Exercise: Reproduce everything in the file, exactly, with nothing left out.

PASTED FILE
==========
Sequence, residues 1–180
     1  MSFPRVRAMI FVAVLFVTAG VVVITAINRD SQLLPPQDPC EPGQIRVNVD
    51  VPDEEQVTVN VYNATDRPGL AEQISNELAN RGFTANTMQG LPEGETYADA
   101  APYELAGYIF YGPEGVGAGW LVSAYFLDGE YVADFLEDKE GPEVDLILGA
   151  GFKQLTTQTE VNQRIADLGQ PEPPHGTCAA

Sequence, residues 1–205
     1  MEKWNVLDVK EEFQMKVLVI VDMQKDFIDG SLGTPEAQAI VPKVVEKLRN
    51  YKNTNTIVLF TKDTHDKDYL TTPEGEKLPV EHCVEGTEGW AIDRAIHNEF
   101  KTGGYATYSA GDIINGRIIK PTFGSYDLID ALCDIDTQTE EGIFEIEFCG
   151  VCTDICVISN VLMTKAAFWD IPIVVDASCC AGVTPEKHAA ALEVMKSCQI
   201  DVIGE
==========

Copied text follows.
Sequence, residues 1–180
     1  MSFPRVRAMI FVAVLFVTAG VVVITAINRD SQLLPPQDPC EPGQIRVNVD
    51  VPDEEQVTVN VYNATDRPGL AEQISNELAN RGFTANTMQG LPEGETYADA
   101  APYELAGYIF YGPEGVGAGW LVSAYFLDGE YVADFLEDKE GPEVDLILGA
   151  GFKQLTTQTE VNQRIADLGQ PEPPHGTCAA

Sequence, residues 1–205
     1  MEKWNVLDVK EEFQMKVLVI VDMQKDFIDG SLGTPEAQAI VPKVVEKLRN
    51  YKNTNTIVLF TKDTHDKDYL TTPEGEKLPV EHCVEGTEGW AIDRAIHNEF
   101  KTGGYATYSA GDIINGRIIK PTFGSYDLID ALCDIDTQTE EGIFEIEFCG
   151  VCTDICVISN VLMTKAAFWD IPIVVDASCC AGVTPEKHAA ALEVMKSCQI
   201  DVIGE